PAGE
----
Journey by train in any country is worthwhile for a traveller. Brought up by hearing whistles of trains from Sealdah, I began to explore my neighbouring destinations in Bengal from the late school days. I went for exploring Hooghly when I was in first grade of college years. Bunked from college classes, I, alone, stepped to Hooghly via Naihati. The local trains here seem very interesting, passing hundreds of stations. I made up my mind on a beautiful Monday to discover the heritages of Hooghly. Firstly, I stepped in Hooghly Imambara.
Hooghly Imambara is an architectural splendour of 19th century. It is a holy shrine for Muslim community of India. This architectural splendor started in 1841, and was completed in 1861. It took about Rs. 31 lakhs at that time. It honours the western bank of Hooghly River. From the minarets of Hooghly Imambara, you see the Jubilee Bridge, which was designed by the Sir Leslie Bradford and constructed between 1882 and 1886. There are two minarets in Hooghly Imambara. From the minarets, you can see Hooghly River and district as well. With all, it whispers the glorious past of French and British colony.
This mosque has the residing area of Imam, who is referred as the head priest of Islam community. It has a British clock on the top of the middle of minarets. This huge clock is positioned between the towers. It was brought from London at a cost of Rs 12,000. There also has the intricate artworks influenced from the Mughal miniature art. The texts of Holy Quran are carved out there. The colourful breathtaking chandeliers make this place colour in the midst of religion.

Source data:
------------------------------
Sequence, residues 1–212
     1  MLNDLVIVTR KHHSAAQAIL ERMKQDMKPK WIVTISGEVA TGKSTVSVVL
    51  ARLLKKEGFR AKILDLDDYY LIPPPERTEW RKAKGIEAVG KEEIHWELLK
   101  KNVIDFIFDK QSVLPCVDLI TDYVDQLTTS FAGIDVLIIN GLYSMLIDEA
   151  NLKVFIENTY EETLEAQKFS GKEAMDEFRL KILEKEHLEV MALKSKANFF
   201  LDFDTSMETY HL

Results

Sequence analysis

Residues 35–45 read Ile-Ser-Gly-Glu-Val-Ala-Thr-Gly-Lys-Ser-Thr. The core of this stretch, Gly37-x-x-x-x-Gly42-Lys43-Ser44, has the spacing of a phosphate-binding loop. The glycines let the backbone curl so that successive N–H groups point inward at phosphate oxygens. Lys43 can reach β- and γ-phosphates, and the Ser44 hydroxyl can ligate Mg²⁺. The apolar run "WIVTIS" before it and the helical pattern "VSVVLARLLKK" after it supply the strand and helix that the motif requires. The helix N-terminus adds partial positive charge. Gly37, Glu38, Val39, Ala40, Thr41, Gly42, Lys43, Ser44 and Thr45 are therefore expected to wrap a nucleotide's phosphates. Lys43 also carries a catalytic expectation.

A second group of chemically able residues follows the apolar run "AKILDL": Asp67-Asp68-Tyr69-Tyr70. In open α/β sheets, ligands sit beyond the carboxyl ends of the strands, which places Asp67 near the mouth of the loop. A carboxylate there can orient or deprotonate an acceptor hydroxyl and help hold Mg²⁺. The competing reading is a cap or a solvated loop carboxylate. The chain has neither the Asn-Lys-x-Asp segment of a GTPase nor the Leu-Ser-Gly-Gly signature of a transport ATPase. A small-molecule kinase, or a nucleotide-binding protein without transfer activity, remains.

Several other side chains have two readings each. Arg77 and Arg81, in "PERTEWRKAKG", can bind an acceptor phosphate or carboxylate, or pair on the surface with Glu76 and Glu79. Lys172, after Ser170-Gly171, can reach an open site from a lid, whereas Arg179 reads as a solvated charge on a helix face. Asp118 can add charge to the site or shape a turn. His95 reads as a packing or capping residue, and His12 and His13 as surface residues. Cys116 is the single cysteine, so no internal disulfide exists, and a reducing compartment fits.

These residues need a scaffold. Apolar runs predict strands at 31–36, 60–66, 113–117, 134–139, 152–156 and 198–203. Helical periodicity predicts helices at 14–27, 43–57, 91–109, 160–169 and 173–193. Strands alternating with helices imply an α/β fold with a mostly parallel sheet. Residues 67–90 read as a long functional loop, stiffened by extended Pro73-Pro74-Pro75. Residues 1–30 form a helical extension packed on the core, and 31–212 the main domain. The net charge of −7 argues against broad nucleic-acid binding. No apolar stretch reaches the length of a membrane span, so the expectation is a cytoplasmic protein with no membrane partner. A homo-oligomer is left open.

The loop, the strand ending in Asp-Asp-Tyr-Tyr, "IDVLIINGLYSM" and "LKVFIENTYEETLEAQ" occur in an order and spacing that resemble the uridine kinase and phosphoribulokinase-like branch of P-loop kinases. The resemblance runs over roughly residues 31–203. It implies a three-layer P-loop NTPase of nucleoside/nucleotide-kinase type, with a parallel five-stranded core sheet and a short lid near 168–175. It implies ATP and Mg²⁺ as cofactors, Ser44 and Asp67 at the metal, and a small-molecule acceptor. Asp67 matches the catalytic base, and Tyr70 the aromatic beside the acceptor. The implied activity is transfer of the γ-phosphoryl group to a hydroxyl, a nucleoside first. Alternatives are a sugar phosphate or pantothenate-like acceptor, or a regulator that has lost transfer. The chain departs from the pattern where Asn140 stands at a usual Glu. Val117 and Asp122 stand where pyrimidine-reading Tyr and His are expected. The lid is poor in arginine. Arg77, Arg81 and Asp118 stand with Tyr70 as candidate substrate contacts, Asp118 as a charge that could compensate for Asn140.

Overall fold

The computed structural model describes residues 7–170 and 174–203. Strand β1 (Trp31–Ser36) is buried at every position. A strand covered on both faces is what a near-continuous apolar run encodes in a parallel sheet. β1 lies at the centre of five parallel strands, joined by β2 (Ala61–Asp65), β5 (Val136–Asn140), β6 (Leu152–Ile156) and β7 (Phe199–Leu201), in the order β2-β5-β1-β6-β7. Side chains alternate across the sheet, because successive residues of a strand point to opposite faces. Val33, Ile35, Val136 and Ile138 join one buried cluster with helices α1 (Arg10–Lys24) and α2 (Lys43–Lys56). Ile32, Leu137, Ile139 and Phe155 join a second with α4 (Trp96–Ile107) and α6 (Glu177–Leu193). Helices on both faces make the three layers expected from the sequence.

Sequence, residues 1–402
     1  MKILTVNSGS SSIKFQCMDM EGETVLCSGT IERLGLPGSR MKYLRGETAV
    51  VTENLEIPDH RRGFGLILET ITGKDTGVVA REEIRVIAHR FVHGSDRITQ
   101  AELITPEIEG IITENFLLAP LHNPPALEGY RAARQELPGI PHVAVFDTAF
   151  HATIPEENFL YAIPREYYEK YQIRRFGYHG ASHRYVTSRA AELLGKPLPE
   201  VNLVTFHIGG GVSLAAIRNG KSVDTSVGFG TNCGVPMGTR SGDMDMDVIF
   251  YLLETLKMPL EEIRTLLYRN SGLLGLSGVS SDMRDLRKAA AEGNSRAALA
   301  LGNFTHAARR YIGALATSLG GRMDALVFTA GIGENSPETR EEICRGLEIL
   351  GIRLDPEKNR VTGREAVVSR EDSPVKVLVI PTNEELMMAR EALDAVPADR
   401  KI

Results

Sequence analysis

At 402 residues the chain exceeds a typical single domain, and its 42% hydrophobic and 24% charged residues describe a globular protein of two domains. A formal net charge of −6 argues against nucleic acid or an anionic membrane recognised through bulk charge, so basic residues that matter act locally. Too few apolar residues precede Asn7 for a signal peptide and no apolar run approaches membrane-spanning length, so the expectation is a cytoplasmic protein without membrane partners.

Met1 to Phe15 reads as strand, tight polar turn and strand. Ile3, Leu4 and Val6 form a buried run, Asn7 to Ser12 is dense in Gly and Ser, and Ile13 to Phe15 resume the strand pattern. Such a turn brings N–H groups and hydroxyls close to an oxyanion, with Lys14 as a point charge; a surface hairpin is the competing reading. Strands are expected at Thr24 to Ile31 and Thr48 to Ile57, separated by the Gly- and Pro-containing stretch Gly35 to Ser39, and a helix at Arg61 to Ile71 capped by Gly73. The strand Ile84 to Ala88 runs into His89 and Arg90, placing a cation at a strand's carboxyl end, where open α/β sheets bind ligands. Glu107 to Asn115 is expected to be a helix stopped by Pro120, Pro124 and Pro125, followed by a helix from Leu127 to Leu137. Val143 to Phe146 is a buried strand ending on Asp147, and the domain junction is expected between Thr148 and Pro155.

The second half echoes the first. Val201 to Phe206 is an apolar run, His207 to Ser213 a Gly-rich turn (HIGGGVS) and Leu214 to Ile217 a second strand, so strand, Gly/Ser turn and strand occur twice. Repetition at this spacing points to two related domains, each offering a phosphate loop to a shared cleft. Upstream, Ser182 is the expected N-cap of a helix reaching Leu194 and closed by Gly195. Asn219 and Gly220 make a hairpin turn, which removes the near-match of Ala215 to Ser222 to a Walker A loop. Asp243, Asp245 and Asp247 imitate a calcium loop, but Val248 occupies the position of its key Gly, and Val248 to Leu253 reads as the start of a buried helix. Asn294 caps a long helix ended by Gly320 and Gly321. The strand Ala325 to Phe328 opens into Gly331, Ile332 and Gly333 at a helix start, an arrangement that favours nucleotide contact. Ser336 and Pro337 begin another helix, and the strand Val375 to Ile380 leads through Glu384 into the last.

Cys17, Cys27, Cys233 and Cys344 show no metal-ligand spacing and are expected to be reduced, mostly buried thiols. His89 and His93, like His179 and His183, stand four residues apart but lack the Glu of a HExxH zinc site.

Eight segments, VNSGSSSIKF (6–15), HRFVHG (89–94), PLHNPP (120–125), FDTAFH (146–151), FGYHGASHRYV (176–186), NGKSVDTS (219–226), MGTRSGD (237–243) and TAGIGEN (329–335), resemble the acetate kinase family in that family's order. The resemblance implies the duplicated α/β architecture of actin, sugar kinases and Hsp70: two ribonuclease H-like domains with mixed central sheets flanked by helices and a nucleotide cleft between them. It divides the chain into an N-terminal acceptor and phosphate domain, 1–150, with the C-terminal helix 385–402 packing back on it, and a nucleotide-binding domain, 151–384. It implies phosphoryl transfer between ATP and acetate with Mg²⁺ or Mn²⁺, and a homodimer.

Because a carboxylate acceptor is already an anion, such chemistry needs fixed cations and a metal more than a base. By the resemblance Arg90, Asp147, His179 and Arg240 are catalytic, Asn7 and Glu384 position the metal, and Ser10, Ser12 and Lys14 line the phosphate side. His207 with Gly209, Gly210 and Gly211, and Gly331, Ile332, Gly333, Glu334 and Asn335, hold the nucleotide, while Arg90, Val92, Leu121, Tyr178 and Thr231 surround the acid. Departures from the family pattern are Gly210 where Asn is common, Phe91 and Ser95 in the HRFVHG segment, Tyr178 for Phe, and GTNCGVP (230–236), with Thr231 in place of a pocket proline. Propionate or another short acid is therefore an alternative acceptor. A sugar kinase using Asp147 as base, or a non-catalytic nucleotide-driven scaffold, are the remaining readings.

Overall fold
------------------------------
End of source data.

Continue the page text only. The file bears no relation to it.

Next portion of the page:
Hooghly Imambara was established in 1717 by a renowned Persian trader of early British India Muhammad Aga Motahar, before the Battle of Plassey. He arrived at Hooghly in the very first decade of the 18th century with his salt business. Muhammad Aga Motahar established a simple one-storied building on the land of present-day Imambara for residing with his family. In 1717 Hooghly Imambara was dedicated to “Nazargah Hossein”, the name of Allah. In 1735 Mirza Saleh-ud-din, his son in law added another building to it which was named “Tazia Khana”. Thus it emerged as Imambara to the Bengali Muslim community. It is said that the present Imambara has overlook the old construction.
There are three fountains inside the Hooghly Imambara and a water tank. The locals say that the waters of the fountains are taken from the Ganga River through a long tunnel.
The evening here is pleasant. Behind the Hooghly Imambar, there is a sundial. In old times, it was regarded as the clock. Ganges is silently flowing beside Hooghly Imambara.
While traveling in Hooghly, I stepped to Bandel Church , which is one of the oldest Catholic Church in the entire Bengal region, Hansheshwari Temple, Dutch Cemetery of Chinsurah, Clock Tower, and the French colony Chandannagore.